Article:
You’re approached by officers.  They begin to ask you some questions.  What can the officers do?  What should they do?  What should you do?  In some instances, officers are required to give you a Miranda warning; in some instances, they are not. 

What is a Miranda Warning

Before discussing when a Miranda warning is required.  It is important to understand the Miranda warning.  This warning emanates from a case from the infamous case of Miranda vs. Arizona from 1966.  The warning has six elements, some of which you may have heard on police dramas and movies. They are as follows:

  1. You have the right to remain silent and refuse to answer questions;
  2. Anything you say may be used against you in a court of law;
  3. You have the right to consult an attorney before speaking to the police and to have an attorney present during questioning;
  4. If you cannot afford an attorney, one will be appointed for you before any questioning;
  5. If you decided to answer questions now without an attorney present, you will still have the right to stop answering questions at any time until you speak with an attorney; and
  6. Knowing and understanding your rights as I have explained them to you, are you willing to answer questions without an attorney present?

When Is a Miranda Warning Required?

Now that we have addressed the required elements of a Miranda warning, we must look at when it is required.  Contrary to what you have learned from watching movies and popular legal sitcoms, law enforcement is not required to recite your Miranda warnings simply because you have been arrested. A Miranda warning is required when a suspect is subjected to custodial interrogation.  Custodial interrogation has two parts: 

  1. If you are in the custody of the police; and
  2. The police are interrogating or asking questions designed to get the suspect to give statements that could be used to incriminate the suspect.

Custody

So our first question is: “What does custody mean?”  Custody means a formal arrest or where the police have deprived a suspect of the freedom of action or movement in any significant way. 

In determining if a suspect is actually in custody, courts will look at several factors including who was asking questions; who was present during the questioning; how did the questioning or conversation begin; where and when did the questioning take place; how long was the questioning; and did the individual feel free to leave at the end of the questions.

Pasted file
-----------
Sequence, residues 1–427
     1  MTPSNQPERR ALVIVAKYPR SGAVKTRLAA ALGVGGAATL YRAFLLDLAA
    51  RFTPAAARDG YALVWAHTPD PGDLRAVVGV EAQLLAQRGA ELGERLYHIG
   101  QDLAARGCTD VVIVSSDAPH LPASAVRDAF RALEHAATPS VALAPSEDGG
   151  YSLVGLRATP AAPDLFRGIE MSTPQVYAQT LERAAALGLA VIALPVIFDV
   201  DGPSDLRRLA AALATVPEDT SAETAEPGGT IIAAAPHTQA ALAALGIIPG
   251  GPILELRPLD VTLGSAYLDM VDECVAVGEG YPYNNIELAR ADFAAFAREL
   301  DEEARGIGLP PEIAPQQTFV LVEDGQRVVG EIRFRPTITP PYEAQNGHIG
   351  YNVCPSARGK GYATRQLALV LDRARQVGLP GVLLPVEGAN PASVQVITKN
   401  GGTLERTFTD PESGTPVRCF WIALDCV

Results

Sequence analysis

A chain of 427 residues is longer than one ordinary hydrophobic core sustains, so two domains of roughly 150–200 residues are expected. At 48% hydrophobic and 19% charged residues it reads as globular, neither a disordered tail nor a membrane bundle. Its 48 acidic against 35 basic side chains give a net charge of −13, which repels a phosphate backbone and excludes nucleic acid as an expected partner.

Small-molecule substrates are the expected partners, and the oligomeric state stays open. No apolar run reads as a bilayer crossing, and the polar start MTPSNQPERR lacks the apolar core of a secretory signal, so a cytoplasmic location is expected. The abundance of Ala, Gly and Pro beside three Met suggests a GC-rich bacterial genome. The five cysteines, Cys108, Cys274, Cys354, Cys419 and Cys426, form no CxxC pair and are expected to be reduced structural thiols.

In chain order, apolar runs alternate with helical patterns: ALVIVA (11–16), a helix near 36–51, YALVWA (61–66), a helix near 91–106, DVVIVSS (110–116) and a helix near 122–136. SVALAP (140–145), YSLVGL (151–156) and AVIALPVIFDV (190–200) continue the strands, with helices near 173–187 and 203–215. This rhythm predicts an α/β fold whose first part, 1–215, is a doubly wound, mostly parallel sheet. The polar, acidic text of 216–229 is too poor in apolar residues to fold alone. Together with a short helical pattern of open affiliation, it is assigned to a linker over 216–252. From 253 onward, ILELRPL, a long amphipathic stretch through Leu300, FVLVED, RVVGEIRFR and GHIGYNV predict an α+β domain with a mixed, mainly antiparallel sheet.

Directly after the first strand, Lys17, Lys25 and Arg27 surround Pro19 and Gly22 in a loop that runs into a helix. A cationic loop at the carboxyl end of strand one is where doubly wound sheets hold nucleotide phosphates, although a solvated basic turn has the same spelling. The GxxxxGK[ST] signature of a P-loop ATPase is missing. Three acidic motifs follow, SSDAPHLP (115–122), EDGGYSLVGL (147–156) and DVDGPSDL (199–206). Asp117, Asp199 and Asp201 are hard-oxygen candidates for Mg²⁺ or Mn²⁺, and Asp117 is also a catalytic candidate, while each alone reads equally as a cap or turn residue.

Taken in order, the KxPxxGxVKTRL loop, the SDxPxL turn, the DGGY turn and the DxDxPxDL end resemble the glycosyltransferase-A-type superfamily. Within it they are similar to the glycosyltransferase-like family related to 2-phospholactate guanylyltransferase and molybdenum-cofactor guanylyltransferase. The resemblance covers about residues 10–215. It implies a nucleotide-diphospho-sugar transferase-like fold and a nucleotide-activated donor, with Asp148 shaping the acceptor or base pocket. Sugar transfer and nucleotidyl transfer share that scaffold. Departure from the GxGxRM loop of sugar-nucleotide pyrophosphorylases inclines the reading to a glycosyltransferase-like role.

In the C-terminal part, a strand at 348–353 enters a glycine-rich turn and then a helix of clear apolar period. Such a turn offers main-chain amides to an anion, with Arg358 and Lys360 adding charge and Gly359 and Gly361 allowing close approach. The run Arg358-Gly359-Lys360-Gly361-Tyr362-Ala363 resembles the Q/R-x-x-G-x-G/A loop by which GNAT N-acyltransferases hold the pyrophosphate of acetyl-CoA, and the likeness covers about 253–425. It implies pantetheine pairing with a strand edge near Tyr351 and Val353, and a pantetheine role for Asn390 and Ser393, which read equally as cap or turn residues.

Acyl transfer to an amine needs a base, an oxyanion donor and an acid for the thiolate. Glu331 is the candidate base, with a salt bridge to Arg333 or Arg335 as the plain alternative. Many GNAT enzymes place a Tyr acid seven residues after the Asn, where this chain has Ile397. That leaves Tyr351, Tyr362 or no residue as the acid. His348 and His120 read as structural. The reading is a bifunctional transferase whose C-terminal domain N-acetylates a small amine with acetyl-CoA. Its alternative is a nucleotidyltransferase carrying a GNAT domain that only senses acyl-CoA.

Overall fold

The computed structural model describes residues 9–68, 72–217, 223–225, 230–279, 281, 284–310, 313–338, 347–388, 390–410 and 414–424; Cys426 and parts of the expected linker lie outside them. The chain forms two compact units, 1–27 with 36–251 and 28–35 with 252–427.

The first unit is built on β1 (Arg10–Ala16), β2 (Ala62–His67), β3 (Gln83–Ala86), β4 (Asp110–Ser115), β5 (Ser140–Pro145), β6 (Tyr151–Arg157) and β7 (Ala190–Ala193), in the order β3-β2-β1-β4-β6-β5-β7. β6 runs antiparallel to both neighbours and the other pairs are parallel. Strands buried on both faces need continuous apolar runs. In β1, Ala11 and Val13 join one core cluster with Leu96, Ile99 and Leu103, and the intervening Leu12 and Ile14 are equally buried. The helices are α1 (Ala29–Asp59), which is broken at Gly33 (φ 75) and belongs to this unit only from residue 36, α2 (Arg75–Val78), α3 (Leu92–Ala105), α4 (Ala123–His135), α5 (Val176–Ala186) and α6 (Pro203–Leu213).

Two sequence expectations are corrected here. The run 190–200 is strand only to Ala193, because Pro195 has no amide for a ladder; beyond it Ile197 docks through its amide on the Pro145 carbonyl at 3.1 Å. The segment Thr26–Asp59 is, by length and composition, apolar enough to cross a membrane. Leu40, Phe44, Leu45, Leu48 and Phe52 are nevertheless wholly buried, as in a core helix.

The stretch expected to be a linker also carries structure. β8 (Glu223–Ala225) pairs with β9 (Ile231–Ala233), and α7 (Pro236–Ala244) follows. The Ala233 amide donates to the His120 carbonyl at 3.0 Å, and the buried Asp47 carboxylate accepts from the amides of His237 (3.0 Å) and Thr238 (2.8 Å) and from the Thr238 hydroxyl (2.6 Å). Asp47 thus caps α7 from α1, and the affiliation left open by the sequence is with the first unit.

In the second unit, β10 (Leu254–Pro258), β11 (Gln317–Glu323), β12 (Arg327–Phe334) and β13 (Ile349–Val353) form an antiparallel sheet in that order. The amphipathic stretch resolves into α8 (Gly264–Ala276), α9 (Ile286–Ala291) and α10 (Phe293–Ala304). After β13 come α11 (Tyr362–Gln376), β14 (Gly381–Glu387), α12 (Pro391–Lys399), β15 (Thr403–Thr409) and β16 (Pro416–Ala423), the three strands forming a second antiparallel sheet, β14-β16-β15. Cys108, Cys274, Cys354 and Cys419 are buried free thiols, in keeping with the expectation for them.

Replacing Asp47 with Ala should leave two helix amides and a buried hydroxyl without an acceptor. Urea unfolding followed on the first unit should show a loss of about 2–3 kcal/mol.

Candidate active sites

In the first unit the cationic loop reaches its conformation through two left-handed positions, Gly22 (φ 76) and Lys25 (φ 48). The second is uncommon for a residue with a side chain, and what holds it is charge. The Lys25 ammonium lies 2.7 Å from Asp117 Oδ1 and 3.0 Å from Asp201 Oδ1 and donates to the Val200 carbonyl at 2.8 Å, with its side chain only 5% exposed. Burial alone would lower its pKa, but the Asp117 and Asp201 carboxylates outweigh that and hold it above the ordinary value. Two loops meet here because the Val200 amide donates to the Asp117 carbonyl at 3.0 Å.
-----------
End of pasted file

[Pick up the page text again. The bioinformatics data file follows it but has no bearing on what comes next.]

When looking at the questions above, courts will use a reasonable person standard.  That is to say, looking at the above questions, would a reasonable person in the same situation have felt free to leave?

Interrogation

Interrogation for the purposes of a Miranda warning, is not limited to questions.  It can also include any comments or actions by an officer that an officer could reasonably calculate would lead to an incriminating response by a suspect.  Police often use deceptive, seemingly nice or empathetic lines of conversation to elicit incriminating evidence from an individual.

What the Police Must Do & What You Should Do

As we’ve established, if the police have subjected you to a custodial interrogation (again, think custody and questioning), they must read or otherwise provide the Miranda warning.  If they do not, information obtained from that questioning may be inadmissible in court.

In order to invoke your Miranda rights, you must reply affirmatively and audibly; silence is not enough!  Although there are several ways to invoke these rights, informing the police that you want to speak with an attorney is a clear way to demonstrate that you intend to take advantage of your rights as provided by the 5th and 6th amendments of our Constitution.

Best Practices to Safeguard Your Rights

Questions surrounding whether an individual is in custody or being subject to an interrogation can be complex.  Further, there are exceptions to Miranda.  It is absolutely critical that you consult an attorney whenever you are contacted by police.  If police begin to question you, ask if you are free to leave.  If they say yes, leave; then contact an experienced attorney.  If they say no, tell them that you would like to speak with an attorney and say nothing more until your attorney arrives.

Police questioning can be a frightening and confusing experience.  It is always best to have an experienced attorney guide you through those complicated waters to safeguard your rights. For any questions about your rights, please contact us here at Miller and Stevens.

 

For a free consultation, call Michelle Brekken at Miller & Stevens law office (651-462-0206).